For determination of color and lipid oxidation, there was no bacterial inoculation. Frozen vacuum-packaged beef flanks were thawed at 4°C overnight and cut into 10 × 10 cm2 sections. A total of 24 beef sections with lean exposed surfaces were used for color analysis, while another 24 beef sections with external fat surfaces were used for lipid oxidation analysis
Photohydroionization (PHI) Treatment
Meat samples were placed in a Food Pure chamber (RGF Environmental Group, Inc., Riviera Beach, FL). The Food Pure is composed of 2 germicidal components (Fig. 1) as follows: a) 4 UV-C lamps (254 nm) on the top of the Food Pure chamber, and b) Photohydroionization (PHI) System located inside the control unit. The PHI is an advanced oxidation (AO) technology developed and owned by RGF Environmental Group. It consists of a broad spectrum high intensity UV light bulb targeted on a quad metallic (rhodium, titanium, silver, and copper) catalysts ultraviolet (UV) target in a low-level ozone and moist atmosphere. This creates an advanced oxidation process providing user friendly oxidizers such as hydrogen peroxides, super oxide ions, and hydroxide ions that revert back to oxygen and hydrogen. The distance between the surface of meat samples and the UV source was 12.7 cm. Energy delivered by the UV source at this distance was 0.0042 J/cm2 using a UV meter (Blak-Ray, Upland, CA). The UV dose was calculated from 0.0042 J/cm2 × exposure time in seconds. The ozone and hydrogen peroxide levels generated within the chamber according to manufacturer’s specifications were 200 to 300 μg/kg and 150 to 200 μg/kg, respectively. Before subjecting inoculated fresh beef sections to the PHI treatments, three inoculated beef samples were randomly picked and placed individually into three filtered bags (Whirl-Pak, Nasco, Fort Atkinson, WI) to serve as untreated controls (0 s). The rest of inoculated beef samples were randomly assigned to one of the PHI treatments (3 samples per inoculum per treatment) and exposed to PHI for 15, 30, or 60 s at 4°C. Both control and PHI treated samples were enumerated for the survivors. Three independent repetitions were conducted for the study.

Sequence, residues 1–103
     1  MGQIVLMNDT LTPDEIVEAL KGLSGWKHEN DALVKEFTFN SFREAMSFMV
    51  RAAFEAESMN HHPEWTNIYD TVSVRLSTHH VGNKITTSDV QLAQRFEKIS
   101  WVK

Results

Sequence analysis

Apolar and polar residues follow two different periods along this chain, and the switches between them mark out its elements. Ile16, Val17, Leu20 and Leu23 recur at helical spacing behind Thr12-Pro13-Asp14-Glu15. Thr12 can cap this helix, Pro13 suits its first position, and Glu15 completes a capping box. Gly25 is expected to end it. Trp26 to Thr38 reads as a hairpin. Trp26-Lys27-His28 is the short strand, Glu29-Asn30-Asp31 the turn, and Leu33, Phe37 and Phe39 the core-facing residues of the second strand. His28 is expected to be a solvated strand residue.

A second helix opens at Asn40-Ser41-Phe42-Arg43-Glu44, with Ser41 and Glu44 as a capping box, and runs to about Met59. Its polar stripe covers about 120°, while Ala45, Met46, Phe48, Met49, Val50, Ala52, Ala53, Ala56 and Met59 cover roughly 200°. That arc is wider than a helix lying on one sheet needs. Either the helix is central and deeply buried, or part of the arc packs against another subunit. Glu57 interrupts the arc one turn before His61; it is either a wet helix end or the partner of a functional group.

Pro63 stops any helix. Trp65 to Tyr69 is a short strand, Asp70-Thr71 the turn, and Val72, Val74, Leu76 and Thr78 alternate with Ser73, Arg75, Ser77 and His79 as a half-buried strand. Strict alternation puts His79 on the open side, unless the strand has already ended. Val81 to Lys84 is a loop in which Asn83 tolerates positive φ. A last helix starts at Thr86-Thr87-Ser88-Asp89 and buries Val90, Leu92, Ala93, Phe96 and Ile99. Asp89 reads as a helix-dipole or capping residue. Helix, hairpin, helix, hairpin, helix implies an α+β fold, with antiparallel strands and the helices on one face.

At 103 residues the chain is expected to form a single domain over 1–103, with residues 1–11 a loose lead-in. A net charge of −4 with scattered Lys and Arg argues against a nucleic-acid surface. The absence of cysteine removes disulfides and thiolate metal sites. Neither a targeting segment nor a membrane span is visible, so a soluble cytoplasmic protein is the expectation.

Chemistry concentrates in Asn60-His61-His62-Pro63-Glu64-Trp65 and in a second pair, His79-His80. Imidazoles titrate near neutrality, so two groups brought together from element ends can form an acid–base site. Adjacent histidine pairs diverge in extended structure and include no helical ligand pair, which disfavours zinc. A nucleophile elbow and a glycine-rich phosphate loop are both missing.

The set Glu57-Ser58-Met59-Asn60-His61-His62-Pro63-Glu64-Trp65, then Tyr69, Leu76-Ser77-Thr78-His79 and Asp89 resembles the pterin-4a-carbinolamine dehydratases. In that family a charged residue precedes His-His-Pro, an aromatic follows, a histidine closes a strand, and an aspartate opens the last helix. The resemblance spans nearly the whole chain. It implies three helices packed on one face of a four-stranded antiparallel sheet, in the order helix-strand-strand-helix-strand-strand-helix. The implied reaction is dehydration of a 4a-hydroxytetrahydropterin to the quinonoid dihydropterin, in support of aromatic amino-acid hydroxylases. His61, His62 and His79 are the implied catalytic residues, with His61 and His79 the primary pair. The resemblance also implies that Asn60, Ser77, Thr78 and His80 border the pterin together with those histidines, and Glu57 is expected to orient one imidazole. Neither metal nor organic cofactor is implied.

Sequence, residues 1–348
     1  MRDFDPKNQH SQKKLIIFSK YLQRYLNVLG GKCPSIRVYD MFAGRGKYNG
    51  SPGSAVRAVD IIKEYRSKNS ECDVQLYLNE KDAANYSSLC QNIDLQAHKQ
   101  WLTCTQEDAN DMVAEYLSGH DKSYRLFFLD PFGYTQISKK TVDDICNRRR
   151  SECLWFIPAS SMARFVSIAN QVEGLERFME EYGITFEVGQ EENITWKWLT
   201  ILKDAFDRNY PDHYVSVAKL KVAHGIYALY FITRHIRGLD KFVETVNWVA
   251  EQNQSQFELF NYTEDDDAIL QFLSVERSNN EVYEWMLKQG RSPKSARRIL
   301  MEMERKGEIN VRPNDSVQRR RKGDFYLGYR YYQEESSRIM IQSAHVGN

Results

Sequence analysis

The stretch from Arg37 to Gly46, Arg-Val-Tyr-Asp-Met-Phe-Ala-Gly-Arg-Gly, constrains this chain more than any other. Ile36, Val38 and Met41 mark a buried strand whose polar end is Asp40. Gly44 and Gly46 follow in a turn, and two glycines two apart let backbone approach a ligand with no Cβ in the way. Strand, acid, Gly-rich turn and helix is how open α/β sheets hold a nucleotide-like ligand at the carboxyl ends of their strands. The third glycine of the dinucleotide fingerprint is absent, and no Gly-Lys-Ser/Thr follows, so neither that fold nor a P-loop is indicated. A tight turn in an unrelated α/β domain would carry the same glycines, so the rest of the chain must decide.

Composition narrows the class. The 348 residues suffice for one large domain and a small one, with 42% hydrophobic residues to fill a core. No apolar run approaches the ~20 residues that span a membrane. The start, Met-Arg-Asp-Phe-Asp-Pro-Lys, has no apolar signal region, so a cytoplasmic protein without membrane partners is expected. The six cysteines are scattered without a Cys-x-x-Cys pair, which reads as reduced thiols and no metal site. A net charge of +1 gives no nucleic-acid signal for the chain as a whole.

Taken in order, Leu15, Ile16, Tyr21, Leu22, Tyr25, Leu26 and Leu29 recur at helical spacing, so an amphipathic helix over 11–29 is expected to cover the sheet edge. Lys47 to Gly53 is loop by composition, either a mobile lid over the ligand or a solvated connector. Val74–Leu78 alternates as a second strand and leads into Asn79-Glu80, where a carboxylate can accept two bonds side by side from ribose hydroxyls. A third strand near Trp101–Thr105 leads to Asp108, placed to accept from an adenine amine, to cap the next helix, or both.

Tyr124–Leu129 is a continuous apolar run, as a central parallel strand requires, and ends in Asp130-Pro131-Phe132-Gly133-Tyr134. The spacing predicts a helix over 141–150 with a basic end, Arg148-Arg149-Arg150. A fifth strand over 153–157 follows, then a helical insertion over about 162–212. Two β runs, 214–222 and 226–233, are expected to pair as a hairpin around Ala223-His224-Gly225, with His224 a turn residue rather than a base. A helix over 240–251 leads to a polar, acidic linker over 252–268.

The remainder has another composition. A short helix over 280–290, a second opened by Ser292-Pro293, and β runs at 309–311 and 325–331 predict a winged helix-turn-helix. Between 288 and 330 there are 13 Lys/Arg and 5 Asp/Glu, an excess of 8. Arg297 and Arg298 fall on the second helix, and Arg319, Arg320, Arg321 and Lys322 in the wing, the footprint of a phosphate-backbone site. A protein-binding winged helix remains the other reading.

Control and PHI treated samples were placed individually in filter bags (Whirl-Pak, Nasco) and 50-mL buffered peptone water (BPW, Difco, BD) was added. After 2-min homogenization with a stomacher (BagMixer 400, Interscience, Weymouth, MA), a 1-mL aliquot of each sample was 10-fold serially diluted in maximum recovery diluent (MRD, Difco, BD). Appropriate dilutions were spiral plated (Spiral Biotech, Norwood, MA) on UCA (chromogenic selective medium; Kalchayanand et al., 2013) to enumerate STEC and Salmonella colony counts and brain heart infusion agar (BHA, non-selective medium) to enumerate for total aerobic plate count (APC). The UCA plates were incubated at 37°C for 24 h and set for 1 h at room temperature for full color development as described by Kalchayanand et al. (2013). The BHA plates were incubated at 37°C for 24 h. Colonies were counted, recorded, and transformed as log CFU/cm2 for statistical analysis. The detection limit of using the spiral plater was 60 CFU/cm2. Two presumptive colonies for each STEC serogroup and Salmonella per plate were picked for confirmation with multiplex PCR (Perelle et al., 2004; Kim et al., 2006; DebRoy et al., 2005; Feng et al., 2005). The D-value, the time to kill 90% or 1 log reduction after the PHI exposure, was calculated from the absolute value of the inverse of the slope from linear regression between logarithm of survivors and exposure times (Bradshaw et al., 1987).
Instrumental color measurement
The average calculated D-value of STEC and Salmonella on surfaces of fresh beef exposed to PHI was 74 s. Thus, the exposure time was set to 75 s to determine the effect of PHI treatment on the meat quality traits of color and lipid oxidation of fresh beef. On each sampling day before subjecting beef sections to PHI treatments, 6 samples were randomly picked and placed individually into 6 bags (Whirl-Pak, Nasco) to serve as untreated controls. Other 6 beef samples were exposed to PHI treatment for 75 s at 4°C. Both control and PHI treated beef samples were stored aerobically in the dark at 4°C for 0, 1, 3, 7, and 14 d. Immediately following PHI treatment, both control and treated samples were measured for color of each beef sample using a spectrophotometer (MiniScan EZ; Hunter Association Laboratory Inc., Reston, VA). Surface lean color was measured using illuminant A/10° observer at three different locations and the 3 values were averaged to obtain a single value for each beef sample. Instrumental color was expressed as CIE L* (lightness), a* (redness) and b* (yellowness) values. Before measurement, the spectrophotometer was standardized using white and black tile standards. Two independent repetitions were conducted for the study.